Is Freedom a Privilege?

A few weeks ago, Tim Geithner offered his view that more fortunate Americans should pay more for the “privilege” of being American. Do tell. Geithner states baldly what the Obama Administration believes need not be stated at all–that government trumps the individual in matters of rights.

The Founders had a different view of government, but we need not invoke their authority, wise as it is. We only have to look to ourselves to answer the question of who exists to serve whom. Are you an independent being? Do you believe you are free to think, speak, and act (within social limitations that apply to all) as you see fit? Do you believe you need permission from the government to assert your own claim to dignity and freedom?

I didn’t think so.

Left or right, Democrat or Republican, no one honestly believes his/her rights descend from a government. It’s always the other guy/gal. Governments are the sanctioned force people use to impose their own peculiar ideas of propriety onto other people. And therein lies the problem. People like Geithner and his boss believe their view of the world is superior to that of we lay people and that it is thus right and proper to make sure that vision is realized. The result is an Administration that is openly hostile to true freedom in everything from markets to what forms of insurance firms have to offer employees.

As it was with King George, arrogance and narcissism characterize our current leaders. The King only listened when the colonists finally said “no” in a way he could understand. Here are some examples of current citizens saying no in their own peaceful but effective way.

  • The Sacketts in Idaho did so by taking their case to the Supreme Court when the EPA arbitrarily ruled the site on which they intended to build a home a wetland.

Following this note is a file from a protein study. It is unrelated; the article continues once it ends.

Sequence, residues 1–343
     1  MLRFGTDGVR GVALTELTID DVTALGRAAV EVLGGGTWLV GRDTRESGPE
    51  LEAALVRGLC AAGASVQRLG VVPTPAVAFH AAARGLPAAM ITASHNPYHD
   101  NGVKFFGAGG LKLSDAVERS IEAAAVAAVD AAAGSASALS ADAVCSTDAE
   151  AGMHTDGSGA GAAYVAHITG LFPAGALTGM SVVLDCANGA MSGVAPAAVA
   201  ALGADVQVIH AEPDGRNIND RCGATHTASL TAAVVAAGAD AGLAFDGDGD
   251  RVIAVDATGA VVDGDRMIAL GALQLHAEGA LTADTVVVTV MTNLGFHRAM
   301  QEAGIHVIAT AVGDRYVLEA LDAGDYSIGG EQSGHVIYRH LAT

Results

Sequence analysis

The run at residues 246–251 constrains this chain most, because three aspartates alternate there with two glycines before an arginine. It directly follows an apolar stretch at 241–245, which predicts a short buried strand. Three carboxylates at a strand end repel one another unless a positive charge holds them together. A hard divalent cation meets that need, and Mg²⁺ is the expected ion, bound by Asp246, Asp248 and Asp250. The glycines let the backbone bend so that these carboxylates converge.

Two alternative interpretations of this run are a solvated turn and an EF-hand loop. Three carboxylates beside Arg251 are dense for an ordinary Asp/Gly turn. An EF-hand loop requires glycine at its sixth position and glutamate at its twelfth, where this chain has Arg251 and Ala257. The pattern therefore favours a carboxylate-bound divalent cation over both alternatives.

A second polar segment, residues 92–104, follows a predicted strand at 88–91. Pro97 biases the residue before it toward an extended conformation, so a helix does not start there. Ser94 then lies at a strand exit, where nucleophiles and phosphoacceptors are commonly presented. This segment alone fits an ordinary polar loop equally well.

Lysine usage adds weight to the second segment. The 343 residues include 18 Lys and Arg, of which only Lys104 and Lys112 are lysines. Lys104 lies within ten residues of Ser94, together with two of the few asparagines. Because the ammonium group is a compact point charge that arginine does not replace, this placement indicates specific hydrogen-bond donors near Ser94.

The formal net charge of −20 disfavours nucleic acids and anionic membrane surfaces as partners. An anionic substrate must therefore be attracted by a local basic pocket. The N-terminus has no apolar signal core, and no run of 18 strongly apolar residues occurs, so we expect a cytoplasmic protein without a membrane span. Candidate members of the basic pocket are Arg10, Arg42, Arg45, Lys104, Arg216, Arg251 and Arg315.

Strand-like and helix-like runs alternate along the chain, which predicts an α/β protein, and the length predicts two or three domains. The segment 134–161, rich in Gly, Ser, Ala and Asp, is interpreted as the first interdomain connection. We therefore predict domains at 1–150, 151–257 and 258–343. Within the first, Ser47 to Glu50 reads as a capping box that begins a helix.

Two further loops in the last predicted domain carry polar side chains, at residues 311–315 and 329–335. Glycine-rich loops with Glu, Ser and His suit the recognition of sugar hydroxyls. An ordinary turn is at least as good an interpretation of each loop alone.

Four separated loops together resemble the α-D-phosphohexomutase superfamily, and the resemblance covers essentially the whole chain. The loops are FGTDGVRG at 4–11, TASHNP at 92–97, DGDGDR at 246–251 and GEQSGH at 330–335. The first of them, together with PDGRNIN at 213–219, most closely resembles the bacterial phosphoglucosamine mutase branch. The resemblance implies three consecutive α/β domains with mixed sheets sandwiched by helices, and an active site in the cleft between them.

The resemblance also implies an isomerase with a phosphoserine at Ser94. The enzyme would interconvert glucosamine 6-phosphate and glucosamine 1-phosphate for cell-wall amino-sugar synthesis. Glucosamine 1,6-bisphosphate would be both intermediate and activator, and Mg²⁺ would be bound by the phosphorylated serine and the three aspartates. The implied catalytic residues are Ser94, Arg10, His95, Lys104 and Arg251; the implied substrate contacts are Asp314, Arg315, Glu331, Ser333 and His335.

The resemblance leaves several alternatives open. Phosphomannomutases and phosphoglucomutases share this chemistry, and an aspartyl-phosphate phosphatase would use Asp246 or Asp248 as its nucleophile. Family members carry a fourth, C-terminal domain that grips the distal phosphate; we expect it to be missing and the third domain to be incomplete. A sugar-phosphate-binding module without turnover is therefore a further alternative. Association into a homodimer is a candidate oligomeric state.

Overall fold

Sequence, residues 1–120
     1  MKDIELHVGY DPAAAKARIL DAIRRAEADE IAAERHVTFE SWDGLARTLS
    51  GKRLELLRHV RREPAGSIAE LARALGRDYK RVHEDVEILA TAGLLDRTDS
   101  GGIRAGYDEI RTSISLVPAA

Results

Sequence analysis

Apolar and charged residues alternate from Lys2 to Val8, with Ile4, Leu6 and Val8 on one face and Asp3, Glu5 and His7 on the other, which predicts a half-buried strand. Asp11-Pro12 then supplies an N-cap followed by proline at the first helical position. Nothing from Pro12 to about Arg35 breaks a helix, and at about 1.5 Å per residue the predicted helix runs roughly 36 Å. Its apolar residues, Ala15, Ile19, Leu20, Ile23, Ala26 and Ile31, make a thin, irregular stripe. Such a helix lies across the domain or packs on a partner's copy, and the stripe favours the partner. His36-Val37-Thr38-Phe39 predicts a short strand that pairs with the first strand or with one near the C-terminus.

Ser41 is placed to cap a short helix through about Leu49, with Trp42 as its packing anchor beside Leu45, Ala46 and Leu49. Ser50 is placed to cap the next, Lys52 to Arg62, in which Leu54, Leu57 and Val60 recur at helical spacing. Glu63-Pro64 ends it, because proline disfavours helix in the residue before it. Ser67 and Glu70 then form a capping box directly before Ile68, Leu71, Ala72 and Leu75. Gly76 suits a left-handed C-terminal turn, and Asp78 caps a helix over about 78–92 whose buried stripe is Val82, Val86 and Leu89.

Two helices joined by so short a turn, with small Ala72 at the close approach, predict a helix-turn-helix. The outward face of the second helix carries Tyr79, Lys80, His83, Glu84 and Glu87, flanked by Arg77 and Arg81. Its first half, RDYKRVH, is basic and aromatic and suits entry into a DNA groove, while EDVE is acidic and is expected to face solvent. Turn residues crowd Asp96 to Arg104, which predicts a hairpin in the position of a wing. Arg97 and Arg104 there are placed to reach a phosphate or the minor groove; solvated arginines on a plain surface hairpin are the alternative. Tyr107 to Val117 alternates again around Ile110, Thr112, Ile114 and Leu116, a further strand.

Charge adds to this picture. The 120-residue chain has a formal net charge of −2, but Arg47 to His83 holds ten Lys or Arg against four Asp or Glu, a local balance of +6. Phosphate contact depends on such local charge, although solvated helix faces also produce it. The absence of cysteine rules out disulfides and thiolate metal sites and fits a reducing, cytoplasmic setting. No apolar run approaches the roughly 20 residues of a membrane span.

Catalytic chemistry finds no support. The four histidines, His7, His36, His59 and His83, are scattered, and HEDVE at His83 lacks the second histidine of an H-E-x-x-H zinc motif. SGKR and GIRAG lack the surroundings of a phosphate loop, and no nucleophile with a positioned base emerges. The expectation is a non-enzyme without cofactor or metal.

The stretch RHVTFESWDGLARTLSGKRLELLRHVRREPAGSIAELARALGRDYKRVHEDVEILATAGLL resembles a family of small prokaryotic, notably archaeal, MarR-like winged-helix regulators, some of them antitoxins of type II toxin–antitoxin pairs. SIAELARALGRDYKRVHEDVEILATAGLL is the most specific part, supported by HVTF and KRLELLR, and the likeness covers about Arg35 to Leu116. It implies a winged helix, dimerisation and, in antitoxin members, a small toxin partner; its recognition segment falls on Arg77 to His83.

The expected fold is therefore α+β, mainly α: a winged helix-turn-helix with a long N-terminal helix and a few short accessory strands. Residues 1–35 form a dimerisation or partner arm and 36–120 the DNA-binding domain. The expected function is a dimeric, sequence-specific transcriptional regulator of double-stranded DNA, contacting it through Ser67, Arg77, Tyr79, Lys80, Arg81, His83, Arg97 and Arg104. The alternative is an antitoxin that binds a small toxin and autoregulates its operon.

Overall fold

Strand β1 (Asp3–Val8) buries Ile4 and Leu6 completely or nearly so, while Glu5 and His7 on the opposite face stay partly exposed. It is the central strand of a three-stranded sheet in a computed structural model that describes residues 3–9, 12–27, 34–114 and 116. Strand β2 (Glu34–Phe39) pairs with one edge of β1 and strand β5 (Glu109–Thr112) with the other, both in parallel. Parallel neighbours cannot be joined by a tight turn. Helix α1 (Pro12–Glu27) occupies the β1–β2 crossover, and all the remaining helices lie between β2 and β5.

• Rand Paul did said no when he objected to being groped after a false positive scanner alert at Nashville airport.
  • American citizens said “no” to SOPA and made the government blink.
  • Julie Crowe sued city government when they caved in to the demands of the competitors and refused her a taxi license.

Defiance in the face of tyranny is a virtue. We do not ask government if it is OK for us to place our liberty above their authority. We assert our freedom. We assert it when we speak out against arbitrary power grabs. We assert it when we fight to have Ron Paul’s voice heard. We assert it when we challenge city busybodies on their crony capitalist regulations or claim our Second Amendment rights. The day we stop asserting those rights is the day we give them up.

Could we be seeing the dawn of a New Age of Defiance? Could the Julie Crowes and the Sacketts and the Pauls of this country be the new Patriots? I hope so. Otherwise, the King has won already.


About Terry Noel

I am an Associate Professor of Management and Quantitative Methods at Illinois State University. My specialty is entrepreneurship.
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1 Response to Is Freedom a Privilege?

  1. Dick Richards says:

    Another home run!! True wisdom.


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